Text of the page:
It chronicled the peak of Lowe's career, as he scaled some of the highest and most dangerous mountains in the world, including a first ascent up the north face of the Eiger, a 13,020-foot mountain in the Swiss Alps.
- Jessica Murri
Both of these photos are of Mike Blackaller. He was diagnosed with multiple system atrophy and has since lost his ability to rock climb, walk and often talk.
That's almost exactly what happened to his climbing idol, Jeff Lowe.
The film, which screened one night in Boise before moving on to McCall's Alpine Theatre on Nov. 11, attracted nearly 100 people, but the man sitting in the third row found it the most inspiring.
Mike Blackaller led a similar life to Lowe, climbing and guiding on Mount Rainier while Lowe climbed and guided in the Grand Tetons in the 1970s. They went to rival outdoor schools: Lowe at Outward Bound, Blackaller at the National Outdoor Leadership School.
Blackaller, however, hung up his climbing shoes in the 1980s and moved to Boise, embarking on a 34-year career with the Idaho Commission for the Blind and starting a family. Lowe kept climbing. They were later diagnosed with almost identical diseases. Now, both in their mid-60s, they share more similarities than ever.
Blackaller was diagnosed with a rare degenerative neurological disease called multiple system atrophy and has lost his ability to climb, backpack, walk and even talk much of the time. When he found out one of his idols struggled with a similar illness, he became obsessed with seeing the movie. His son, Dwayne, who Boiseans will know from his theater work as an actor, director and writer, helped bring the film to the Egyptian.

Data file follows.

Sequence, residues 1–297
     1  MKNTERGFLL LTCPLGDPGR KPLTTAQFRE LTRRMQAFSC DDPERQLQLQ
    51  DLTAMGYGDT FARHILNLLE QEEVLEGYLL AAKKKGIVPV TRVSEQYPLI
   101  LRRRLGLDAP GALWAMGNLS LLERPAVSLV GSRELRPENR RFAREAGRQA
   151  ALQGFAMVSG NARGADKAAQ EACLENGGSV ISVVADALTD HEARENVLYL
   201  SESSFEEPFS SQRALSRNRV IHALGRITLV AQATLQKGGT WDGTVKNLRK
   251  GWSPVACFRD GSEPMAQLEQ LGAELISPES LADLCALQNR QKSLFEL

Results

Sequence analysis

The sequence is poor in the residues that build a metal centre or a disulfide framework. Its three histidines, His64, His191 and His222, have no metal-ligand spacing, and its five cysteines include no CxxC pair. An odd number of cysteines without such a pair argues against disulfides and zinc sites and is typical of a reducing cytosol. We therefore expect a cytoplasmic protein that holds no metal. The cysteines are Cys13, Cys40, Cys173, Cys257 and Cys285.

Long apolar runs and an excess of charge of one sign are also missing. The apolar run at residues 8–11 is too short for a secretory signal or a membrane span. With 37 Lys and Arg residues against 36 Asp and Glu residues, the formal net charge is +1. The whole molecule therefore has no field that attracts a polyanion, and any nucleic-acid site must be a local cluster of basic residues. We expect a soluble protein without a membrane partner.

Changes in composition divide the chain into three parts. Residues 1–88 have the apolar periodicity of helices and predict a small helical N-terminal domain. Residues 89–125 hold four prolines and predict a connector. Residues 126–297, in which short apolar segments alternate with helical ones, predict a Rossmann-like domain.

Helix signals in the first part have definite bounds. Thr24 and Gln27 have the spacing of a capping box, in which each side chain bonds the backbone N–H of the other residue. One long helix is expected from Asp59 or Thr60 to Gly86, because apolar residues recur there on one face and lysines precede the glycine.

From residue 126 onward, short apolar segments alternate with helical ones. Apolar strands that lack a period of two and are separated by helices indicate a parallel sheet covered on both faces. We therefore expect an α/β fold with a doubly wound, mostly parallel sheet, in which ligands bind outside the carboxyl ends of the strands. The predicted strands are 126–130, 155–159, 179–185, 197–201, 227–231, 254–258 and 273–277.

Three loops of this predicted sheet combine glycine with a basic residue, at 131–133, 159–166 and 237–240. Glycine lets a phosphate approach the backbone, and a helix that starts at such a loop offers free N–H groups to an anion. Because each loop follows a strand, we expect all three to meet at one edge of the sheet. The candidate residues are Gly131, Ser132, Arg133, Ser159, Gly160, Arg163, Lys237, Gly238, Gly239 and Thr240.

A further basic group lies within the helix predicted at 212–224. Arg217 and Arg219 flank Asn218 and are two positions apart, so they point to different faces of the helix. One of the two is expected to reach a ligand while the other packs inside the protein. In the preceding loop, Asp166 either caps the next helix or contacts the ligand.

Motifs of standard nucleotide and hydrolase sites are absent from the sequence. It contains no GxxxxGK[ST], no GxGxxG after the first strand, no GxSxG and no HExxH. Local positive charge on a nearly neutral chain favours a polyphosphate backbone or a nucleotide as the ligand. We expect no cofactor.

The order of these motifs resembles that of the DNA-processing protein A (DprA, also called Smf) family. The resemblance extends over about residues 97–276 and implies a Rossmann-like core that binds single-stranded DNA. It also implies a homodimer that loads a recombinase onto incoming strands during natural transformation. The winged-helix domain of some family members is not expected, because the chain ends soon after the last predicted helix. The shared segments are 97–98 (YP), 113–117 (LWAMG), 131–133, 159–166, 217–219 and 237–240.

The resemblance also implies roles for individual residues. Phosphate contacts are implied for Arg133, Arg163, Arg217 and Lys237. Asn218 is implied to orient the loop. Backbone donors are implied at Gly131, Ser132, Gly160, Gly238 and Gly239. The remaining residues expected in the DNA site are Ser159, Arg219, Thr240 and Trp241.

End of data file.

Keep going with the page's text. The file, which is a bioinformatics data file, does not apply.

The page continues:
Surrounded by his closest friends and family, Mike finally got to see the movie on Tuesday night.
"I think he loved it," Dwayne said. "I think it was exactly what he wanted."
Mike spoke to Boise Weekly ahead of the screening, saying he wanted to learn the secret behind Lowe's happiness even in the face of such a painful disease. The film focuses on how one of Lowe's most ambitious climbs—the Eiger—became a transformative experience for him. He called it his "metanoia," meaning a fundamental change of thinking and of heart. Mike said he hoped to find that for himself within the film.
No such secret to life was neatly delivered within the movie.
"It would be nice to have a single thing, but instead, there isn't a single key or mystery," Dwayne said. "I think that's the secret: you can have a transformative moment, but you still have to come back to the here and now. The big takeaway from the movie was doing what you can with what you have and where you are right now. I think my dad learned from it."
- Jessica Murri
- Film producer Connie Self took questions from the audience on Nov. 10 after a screening of Jeff Lowe's Metanoia.
"He didn't want any shots of him in a wheelchair or the sound of his voice," Self said. "He just wanted it to be about his climbing and his legacy. I told him, 'I don't think so, dude. Anyone who has ever faced a challenge can relate to this.' You need to be able to do what you can with what you have. You can't be creative or have good ideas until you say, 'It is what it is, now what do we do next?'"
Lowe has been in and out of hospice care and studied by 30 teams of doctors from around the world to properly diagnose his illness. Self said doctors have never seen it before. He's doing better now, after a scrape with death in 2014. He's starting to use a walker instead of a wheelchair and still has enthusiasm for his life.
"We're calling it JLS," Self said, laughing. "Jeff Lowe Syndrome. He likes to go where no one else goes. Now he's doing a first ascent in a disease, which will probably make him more famous than any of his climbing ever did."
The film took five years to make and premiered at the Banff Mountain Film Festival in November 2014. Self is still looking for a distributor for the film, but it can be preordered online.